Future Plans Unclear for Florida Last-Resort Insurer

Apr 26, 2011

The following article was published in Property Casualty 360º on April 26, 2011:

Future Plans Unclear for Florida Last-Resort Insurer

By Chad Hemenway

A Florida bill meant to restore Citizens Property Insurance Corp. as the state’s last-resort insurer has stalled in the Senate Banking Committee.

The bill, SB 1714, looks to increase rates and decrease the value of a home that could be eligible for a policy. Rates in the private market would have to be 25 percent higher than Citizens’ rates to obtain a policy—up from the current eligibility standard of 15 percent.

The measure was not considered in Senate committee as news reports from Florida say Gov. Rick Scott is looking to eventually phase out the state-run insurance program, which has grown into the largest property insurer in the state.

Without specifically commenting on Scott’s alleged intentions, Samuel Miller, executive vice president of the Florida Insurance Council, says any plan to get rid of Citizens “is not in either bill [SB 1714 and its House companion bill] or any draft.”

He adds, “I’m not sure you can do that [get rid of Citizens]. Florida has had a residual market for many years, and I think there will always be a need.”

However, Citizens is currently writing thousands of policies the private market would take if insurers didn’t have to compete with Citizens, Miller says. The state-run company is “much too big” and its ability to pay claims in a timely manner after a large storm is “very questionable,” he adds. Citizens has the power to assess the state’s policyholders if it needs money to pay claims.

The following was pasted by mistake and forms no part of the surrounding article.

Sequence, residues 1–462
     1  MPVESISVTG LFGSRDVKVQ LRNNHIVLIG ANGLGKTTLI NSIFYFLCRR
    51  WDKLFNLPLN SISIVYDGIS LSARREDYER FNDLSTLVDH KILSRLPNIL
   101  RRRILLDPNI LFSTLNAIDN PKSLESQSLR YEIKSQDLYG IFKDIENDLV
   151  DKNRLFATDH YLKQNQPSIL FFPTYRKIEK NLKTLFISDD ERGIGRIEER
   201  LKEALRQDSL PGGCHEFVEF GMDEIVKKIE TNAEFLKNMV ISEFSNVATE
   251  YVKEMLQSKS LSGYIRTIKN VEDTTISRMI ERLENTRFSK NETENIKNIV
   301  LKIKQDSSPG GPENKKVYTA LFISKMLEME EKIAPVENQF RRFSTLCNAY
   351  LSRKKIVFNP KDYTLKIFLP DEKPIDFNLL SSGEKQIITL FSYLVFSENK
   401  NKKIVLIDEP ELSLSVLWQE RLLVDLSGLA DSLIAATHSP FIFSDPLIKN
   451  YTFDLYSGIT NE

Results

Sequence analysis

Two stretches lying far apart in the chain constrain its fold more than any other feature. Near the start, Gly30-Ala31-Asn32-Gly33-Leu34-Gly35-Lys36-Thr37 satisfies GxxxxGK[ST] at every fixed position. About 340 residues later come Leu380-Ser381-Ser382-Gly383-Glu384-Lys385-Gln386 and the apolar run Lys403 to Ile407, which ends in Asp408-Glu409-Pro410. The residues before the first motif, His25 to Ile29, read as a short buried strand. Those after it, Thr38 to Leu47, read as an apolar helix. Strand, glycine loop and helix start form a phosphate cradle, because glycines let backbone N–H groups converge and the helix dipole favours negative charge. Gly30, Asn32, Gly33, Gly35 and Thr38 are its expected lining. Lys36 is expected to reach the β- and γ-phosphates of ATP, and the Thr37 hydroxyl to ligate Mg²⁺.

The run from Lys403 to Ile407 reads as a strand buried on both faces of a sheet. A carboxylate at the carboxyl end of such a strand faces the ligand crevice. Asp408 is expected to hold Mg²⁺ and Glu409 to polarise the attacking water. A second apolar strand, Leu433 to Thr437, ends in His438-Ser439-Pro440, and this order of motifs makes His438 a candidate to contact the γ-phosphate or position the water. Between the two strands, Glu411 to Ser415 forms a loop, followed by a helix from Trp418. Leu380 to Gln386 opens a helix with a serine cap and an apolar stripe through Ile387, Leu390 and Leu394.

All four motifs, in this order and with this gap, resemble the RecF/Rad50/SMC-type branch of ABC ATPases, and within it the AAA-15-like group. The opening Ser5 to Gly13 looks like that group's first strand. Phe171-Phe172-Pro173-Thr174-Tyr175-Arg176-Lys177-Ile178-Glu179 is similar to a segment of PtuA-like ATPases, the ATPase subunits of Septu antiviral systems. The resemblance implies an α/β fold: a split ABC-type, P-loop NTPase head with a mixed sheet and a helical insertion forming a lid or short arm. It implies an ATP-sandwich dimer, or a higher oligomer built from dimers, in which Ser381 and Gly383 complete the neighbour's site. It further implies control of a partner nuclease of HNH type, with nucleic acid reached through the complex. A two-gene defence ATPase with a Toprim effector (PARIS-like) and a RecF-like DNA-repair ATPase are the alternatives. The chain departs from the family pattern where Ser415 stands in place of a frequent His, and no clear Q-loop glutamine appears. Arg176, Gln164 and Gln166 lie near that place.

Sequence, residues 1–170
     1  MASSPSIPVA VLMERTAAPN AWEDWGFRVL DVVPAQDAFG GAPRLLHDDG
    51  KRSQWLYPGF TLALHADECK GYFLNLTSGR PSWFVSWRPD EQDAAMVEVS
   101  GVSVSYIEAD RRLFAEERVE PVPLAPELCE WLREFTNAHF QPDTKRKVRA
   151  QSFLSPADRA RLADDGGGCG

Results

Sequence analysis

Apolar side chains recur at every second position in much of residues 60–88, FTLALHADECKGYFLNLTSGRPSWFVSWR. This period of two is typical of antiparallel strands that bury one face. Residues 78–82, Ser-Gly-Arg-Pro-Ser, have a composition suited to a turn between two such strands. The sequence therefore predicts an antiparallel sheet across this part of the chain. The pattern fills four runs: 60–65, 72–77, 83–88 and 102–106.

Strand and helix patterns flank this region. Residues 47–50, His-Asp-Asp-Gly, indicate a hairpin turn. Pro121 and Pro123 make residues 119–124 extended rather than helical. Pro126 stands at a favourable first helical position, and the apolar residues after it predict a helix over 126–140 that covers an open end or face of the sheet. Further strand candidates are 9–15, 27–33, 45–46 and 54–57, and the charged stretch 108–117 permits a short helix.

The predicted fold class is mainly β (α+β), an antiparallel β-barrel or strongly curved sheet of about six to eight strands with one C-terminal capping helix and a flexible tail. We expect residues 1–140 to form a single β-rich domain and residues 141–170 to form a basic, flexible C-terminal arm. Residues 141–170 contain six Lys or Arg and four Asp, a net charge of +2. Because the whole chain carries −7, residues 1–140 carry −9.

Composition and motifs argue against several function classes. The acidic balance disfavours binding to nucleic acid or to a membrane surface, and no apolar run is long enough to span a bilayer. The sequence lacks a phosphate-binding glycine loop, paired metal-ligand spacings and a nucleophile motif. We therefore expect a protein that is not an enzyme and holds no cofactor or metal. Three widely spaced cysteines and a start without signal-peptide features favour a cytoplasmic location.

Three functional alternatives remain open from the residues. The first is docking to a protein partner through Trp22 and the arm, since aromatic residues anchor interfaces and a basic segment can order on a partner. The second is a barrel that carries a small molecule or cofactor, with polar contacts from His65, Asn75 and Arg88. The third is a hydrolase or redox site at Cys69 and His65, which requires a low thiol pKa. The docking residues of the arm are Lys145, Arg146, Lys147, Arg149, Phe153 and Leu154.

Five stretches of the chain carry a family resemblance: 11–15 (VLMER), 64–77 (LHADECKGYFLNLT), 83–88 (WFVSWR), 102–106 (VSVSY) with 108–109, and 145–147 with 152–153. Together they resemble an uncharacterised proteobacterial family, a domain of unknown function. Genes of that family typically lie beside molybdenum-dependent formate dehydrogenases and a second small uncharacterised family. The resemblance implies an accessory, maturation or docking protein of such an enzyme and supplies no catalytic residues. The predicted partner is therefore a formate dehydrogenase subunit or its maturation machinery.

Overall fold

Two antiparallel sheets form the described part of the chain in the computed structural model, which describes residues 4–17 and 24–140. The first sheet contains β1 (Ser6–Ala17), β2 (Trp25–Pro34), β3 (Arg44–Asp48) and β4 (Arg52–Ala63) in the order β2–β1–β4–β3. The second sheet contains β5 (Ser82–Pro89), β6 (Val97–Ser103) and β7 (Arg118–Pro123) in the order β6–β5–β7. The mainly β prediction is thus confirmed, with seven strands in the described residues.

Sen. Alan Hays (R-Umatilla), the sponsor of the bill, says Citizens is underfunded by at least $10.5 billion.

In a statement, Scott’s office says the Legislature is “still considering ways to fix this issue, but the governor has always been clear—he wants a vibrant, competitive private insurance market.”

Scott’s office concedes, “With the position we’re in now, Florida taxpayers would be on the hook for a major storm or hurricane. That’s not acceptable.”

William Stander, assistant vice president and regional manager for the Property Casualty Insurers Association of America (PCI), says the trade group has helped lawmakers with understanding issues regarding Citizens. For some reason, he says, “they are having difficulties trying to make a decision.”

During the last election politicians said they were in favor of restoring the private market, but “those goals have met more resistance than we anticipated,” Stander says.

SB 1714 and its House companion bill 1243 would allow Citizens to increase rates up to 20 percent per policyholder and would reduce eligibility from homes valued at up to $1 million to homes valued at $750,000 starting Jan. 1, 2014.

Citizens has steadily ballooned since rates were frozen four years ago. Legislation passed last year allowed for a 10 percent rate increase, but the damage was done. Rates fell to levels far below those considered adequate for the risk. Because rates remained flat, many more homeowners found they met the rate-differential eligibility requirement.

Fidn this article here:  http://www.propertycasualty360.com/2011/04/26/future-plans-unclear-for-fla-last-resort-insurer